JOSEPH, Or. – The breathtaking beauty of Wallowa Lake’s East Moraine forest and open space was permanently protected when almost 1,800 acres were transferred last week into Wallowa County ownership.
“This has been an important priority for the people of Wallowa County,” said commissioner Susan Roberts. “Keeping the moraine as a natural and working landscape was something that everyone agreed on. We are doing this for everyone in the County.”
For over ten years the Wallowa Lake Moraines Partnership – a consortium comprised of the County, Wallowa Land Trust, Wallowa Resources, and Oregon Parks and Recreation Department – worked to acquire the property in order to eliminate any risk of home development, especially on the moraine’s vulnerable crest.
At the property sale closing at Wallowa Title, there was an air of solemnity rather than celebration as commissioners, Wallowa Resources, and the Wallowa Land Trust all signed the sale documents. In one very Wallowa County moment, they discovered that the $1,350,382.79 check brought to seal the deal was precisely $5 short. So someone opened their wallet and added a five dollar bill to the million-dollar check on the table.
Now that it is under Wallowa County ownership, all development and sub-division rights have been extinguished and the property will be managed as a working community forest, protecting native plants, wildlife habitat, and cultural resources while providing non-motorized recreational access and returns to the local economy through sustainable forestry and grazing.
“We couldn’t have hoped for a better outcome that serves the public’s need for permanent protection and access to this spectacular natural landscape,” said John Hillock, Wallowa County Commissioner and Chair of the East Moraine Campaign.
After nearly a decade of negotiations, the Partnership and the former landowner, the Ronald C. Yanke Family Trust, came to a purchase agreement of $6 million in January 2019. Fundraising then went into full-gear, with over half coming in the form of a $3.5 million grant the Oregon Department of Forestry received from the USDA Forest Service’s Forest Legacy Program that helped the Partnership reach the purchase price in a voluntary sale by the Yanke family trust.
“We are grateful to the Yanke family for keeping and managing the property so well over the years, and giving the people of Wallowa County the opportunity to share and enjoy this landscape far into the future,” Roberts said. “If the family had not made the final offer, we would not have been able to make this happen."
Individual donors contributed more than $1.1 million to the purchase. Oregon Parks and Recreation contributed $1 million and its staff is lending a hand in formulating the land’s recreation plan. The Nez Perce Tribe gave $300,000 to the campaign and is helping the Partnership with the plan for management as well.
All told, almost $6.5 million was raised through grants and donations to purchase the moraine property and begin a multi-use management plan for its perpetual management. The Partnership continues to seek funding to support and sustain the management of the property.
“This is an incredible milestone,” says Kathleen Ackley, Wallowa Land Trust Director. “It’s by no means the end of the project, we still have a lot of work ahead of this, but this is something to be proud of. More than a million dollars came from private individuals and families with deep connections to Wallowa County and an enduring love for Wallowa Lake and the Moraines. We remain astonished by the incredible generosity of our community.”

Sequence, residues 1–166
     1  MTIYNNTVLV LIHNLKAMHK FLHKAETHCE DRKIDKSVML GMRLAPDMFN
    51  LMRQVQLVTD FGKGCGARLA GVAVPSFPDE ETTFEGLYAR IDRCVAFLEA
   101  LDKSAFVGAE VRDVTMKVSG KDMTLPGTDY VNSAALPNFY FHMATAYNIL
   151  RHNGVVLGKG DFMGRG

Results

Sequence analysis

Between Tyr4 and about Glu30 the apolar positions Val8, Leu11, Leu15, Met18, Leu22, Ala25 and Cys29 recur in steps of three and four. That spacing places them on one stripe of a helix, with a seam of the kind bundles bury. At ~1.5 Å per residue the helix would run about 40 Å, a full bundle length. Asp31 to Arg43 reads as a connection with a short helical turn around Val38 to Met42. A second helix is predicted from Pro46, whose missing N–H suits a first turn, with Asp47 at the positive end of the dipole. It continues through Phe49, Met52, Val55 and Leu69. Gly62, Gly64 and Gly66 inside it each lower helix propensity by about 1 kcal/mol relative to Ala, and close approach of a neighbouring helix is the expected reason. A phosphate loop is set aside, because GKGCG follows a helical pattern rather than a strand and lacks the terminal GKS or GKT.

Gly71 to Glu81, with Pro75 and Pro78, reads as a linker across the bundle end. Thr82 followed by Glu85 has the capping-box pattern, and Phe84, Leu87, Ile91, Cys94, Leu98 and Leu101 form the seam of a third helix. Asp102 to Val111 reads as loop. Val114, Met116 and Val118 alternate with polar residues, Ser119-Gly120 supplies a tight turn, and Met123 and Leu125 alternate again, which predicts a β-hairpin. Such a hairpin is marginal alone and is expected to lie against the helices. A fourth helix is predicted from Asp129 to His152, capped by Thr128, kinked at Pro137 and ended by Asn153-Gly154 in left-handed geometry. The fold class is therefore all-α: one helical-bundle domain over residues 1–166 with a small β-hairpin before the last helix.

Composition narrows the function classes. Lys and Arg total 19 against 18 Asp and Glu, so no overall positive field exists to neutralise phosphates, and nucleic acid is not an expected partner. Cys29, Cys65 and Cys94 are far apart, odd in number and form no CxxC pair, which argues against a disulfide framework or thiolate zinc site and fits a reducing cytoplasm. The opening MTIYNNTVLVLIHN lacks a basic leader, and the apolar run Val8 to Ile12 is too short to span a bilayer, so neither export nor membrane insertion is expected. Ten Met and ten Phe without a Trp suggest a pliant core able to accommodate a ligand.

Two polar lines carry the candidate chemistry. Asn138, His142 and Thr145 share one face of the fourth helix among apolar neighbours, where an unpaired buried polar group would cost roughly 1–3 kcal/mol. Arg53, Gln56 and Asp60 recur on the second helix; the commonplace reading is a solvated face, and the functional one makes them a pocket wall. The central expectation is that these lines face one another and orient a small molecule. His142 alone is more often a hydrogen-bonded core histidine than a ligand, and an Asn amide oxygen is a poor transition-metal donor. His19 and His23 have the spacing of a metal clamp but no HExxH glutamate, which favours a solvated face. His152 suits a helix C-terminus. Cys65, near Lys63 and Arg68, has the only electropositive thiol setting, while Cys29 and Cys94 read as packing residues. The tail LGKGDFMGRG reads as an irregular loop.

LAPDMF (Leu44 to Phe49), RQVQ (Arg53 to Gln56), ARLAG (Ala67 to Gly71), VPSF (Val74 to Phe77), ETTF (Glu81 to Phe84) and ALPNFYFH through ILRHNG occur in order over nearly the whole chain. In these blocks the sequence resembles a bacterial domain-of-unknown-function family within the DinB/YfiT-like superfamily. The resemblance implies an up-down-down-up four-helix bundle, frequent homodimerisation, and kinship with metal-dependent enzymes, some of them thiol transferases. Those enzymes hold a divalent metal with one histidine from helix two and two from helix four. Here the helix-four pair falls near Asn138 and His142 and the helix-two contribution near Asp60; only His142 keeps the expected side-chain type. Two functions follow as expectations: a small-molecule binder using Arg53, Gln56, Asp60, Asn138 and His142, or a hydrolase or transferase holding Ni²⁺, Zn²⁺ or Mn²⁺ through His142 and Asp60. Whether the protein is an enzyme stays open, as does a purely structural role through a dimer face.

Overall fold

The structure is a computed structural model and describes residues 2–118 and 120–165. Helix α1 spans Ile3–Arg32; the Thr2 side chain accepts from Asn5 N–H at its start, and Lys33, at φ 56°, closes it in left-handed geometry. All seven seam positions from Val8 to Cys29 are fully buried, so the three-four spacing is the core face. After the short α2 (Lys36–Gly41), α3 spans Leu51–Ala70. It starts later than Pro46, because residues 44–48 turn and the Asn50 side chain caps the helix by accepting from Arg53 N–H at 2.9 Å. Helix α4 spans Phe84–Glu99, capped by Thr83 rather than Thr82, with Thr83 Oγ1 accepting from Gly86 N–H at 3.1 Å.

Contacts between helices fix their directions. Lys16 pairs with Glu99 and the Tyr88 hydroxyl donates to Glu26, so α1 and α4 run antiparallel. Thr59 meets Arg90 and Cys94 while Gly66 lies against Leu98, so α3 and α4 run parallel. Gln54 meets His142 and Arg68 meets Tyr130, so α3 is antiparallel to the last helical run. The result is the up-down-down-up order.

“Forest Legacy Program grants are one resource to help keep Oregon’s working forests intact so they can continue to provide social, environmental and economic benefits to Oregonians,” said Oregon State Forester Peter Daugherty. “We are pleased that we could help the Wallowa Lake Moraines Partnership protect this unique forest resource.”
A Community Legacy
Formed about 19,000 years ago, a time when glacial ice filled what is now Wallowa Lake,and towered more than 100 feet above the top of today’s East Moraine, the complex east Moraine is a geologic as well as scenic treasure.
For thousands of years the spectacular East Moraine has been a refuge for wildlife and sacred to Indigenous Peoples. Today it continues to be a working landscape enjoyed by locals and visitors alike. In recent years, the land was zoned for the development of houses, including three trophy homes on the crest of the moraine, but under county ownership the threats of development and subdivision are now extinguished in perpetuity.
Once complete, a multi-use management plan will strive to balance healthy habitat for native plants and animals, cultural resources, non-motorized recreation, and sustainable timber harvest and range management. Securing the East Moraine creates a significant habitat corridor; protects cultural resources; expands upon existing conserved lands; and opens to the public the property’s beautiful views on the moraine’s southern crest in a manner that is respectful of its scenic beauty. The draft management is currently scheduled for public input and review in spring of 2020.
“Community forests are a powerful response to forest and rangeland loss to development,” adds Nils Christoffersen, Executive Director of Wallowa Resources. “The East Moraine is central to our community’s sense of place. This milestone helps us sustain our connection to the land, which is central to the custom and culture of everyone who calls this place home. It’s an incredible achievement.”
A ribbon-cutting ceremony and celebration is scheduled for late Spring of 2020.